TAMPA, Fla. (WFLA) — The Biden Administration released new data showing over one million people applied for federal student debt relief in Florida before the program was blocked by the courts last year.

The data comes one month before the Supreme Court is scheduled to hear oral arguments for two cases challenging the relief program. If allowed to move forward, the program would discharge up to $20,000 in student loan debt for borrowers earning less than $125,000 per year.

According to a release from the White House, 26 million people applied (or were automatically eligible) for one-time student debt relief in the month the application was available. Of those 26 million applications, 16 million were fully approved and sent to loan servicers before lawsuits prevented them from discharging any debt in Nov. 2022.

The White House said 1,598,000 Floridians applied for relief or were automatically eligible. 1,047,000 applications were approved and sent to loan servicers.

The Biden Administration claims over 40 million borrowers in the U.S. are eligible for the debt relief program, with over 90% earning less than $75,000 per year.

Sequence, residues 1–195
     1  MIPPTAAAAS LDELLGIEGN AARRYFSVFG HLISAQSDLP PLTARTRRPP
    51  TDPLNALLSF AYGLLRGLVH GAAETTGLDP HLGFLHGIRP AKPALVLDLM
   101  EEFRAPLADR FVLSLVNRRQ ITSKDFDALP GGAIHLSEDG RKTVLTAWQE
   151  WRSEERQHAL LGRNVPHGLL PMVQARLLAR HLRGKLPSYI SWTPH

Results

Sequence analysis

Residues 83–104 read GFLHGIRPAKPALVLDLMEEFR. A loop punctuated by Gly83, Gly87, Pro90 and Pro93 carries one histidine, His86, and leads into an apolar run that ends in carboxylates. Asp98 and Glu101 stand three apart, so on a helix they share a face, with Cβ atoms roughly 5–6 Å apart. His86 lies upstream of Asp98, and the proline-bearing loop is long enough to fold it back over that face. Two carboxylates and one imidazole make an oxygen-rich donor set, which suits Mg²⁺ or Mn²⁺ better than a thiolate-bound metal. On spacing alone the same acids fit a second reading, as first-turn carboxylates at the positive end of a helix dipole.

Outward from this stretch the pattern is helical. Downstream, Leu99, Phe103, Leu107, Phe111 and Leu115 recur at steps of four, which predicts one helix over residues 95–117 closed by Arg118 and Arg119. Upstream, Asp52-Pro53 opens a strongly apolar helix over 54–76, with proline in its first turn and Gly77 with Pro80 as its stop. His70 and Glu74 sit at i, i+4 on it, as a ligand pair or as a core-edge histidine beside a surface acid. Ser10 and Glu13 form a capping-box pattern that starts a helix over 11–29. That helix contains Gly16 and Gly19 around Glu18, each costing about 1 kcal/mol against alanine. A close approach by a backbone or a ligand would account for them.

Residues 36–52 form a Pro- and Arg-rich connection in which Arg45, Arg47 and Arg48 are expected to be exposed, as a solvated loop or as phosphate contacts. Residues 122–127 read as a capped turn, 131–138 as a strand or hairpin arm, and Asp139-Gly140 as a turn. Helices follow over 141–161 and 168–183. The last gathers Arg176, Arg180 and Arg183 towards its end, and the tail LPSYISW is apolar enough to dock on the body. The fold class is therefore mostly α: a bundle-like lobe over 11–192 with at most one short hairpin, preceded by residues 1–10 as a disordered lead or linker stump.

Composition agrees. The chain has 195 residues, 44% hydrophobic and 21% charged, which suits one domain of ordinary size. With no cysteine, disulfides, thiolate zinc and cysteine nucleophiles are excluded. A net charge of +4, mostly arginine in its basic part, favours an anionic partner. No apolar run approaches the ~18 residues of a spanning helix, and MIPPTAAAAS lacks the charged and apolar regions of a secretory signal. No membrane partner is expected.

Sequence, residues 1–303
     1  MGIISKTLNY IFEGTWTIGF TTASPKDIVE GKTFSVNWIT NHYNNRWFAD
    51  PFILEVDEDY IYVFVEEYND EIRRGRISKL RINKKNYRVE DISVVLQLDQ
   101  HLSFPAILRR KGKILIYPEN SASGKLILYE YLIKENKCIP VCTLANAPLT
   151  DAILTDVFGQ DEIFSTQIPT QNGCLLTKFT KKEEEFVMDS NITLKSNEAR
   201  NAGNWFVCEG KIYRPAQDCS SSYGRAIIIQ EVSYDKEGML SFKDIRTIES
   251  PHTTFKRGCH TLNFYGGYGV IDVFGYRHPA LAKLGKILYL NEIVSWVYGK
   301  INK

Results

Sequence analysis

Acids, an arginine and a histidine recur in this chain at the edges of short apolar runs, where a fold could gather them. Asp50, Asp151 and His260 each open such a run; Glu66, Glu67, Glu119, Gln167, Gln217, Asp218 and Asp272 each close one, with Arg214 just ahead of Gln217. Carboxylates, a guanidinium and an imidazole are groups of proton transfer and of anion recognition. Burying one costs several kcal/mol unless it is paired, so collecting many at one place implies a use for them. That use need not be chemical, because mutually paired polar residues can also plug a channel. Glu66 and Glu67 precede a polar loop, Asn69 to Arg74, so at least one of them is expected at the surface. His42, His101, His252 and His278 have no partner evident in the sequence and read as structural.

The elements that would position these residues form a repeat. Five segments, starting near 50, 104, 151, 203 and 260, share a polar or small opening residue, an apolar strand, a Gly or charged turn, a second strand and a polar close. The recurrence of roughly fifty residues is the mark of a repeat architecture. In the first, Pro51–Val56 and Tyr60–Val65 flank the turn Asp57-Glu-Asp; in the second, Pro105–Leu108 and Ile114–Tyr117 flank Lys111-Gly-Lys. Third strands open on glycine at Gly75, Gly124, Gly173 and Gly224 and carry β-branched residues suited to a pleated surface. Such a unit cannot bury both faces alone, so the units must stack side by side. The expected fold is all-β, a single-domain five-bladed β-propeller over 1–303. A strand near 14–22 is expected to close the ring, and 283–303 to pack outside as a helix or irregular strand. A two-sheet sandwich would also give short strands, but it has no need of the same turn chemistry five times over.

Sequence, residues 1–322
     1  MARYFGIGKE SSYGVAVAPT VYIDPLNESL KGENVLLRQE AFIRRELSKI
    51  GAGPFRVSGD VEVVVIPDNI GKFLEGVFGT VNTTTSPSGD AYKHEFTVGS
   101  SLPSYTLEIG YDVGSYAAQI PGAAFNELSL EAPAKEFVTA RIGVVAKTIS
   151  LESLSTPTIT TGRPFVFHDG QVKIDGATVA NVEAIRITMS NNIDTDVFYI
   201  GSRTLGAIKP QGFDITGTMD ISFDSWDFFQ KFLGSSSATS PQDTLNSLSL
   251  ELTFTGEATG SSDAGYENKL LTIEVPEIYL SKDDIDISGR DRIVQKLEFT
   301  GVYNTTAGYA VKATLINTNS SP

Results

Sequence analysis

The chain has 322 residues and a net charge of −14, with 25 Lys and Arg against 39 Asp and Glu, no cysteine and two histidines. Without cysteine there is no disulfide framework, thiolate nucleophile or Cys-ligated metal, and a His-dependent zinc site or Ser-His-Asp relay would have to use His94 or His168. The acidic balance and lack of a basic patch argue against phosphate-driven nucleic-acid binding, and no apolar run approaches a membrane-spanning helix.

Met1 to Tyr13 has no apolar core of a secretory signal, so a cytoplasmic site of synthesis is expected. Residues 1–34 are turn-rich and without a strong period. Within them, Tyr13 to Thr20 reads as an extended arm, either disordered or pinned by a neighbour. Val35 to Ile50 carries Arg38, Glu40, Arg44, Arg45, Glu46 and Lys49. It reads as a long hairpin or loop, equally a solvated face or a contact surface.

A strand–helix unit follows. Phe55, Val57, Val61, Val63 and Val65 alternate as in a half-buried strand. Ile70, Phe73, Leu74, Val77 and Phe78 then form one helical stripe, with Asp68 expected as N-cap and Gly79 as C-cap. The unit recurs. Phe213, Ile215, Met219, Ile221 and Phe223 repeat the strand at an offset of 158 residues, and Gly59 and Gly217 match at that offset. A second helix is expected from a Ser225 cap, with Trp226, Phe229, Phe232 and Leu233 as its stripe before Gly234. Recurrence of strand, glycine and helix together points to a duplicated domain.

“Millions of those borrowers could be experiencing the benefits of that relief today – were it not for lawsuits brought on by elected officials in some of their own states,” the White House wrote.

Florida was among 17 states who filed a brief in support of Nebraska, Missouri, Arkansas, Iowa, Kansas and South Carolina in the Biden v. Nebraska Supreme Court case. The states claim the Biden administration’s plan is “unauthorized executive action.” Florida’s governor also criticized the debt relief plan while campaigning for reelection last year.

“You are going to end up in a situation where you could have a truck driver be on the hook for a Ph.D. student who graduated in something like gender studies or something like that,” Gov. Ron DeSantis said at a news conference in August.

The second case that ruled Biden’s program illegal – Department of Education v. Brown – came out of Texas. A district judge stated Biden does not have the power to create the debt relief program and the 5th Circuit Court of Appeals upheld the district ruling in November.

The Supreme Court will hear oral arguments in both cases next month, but borrowers shouldn’t expect a ruling until May or June.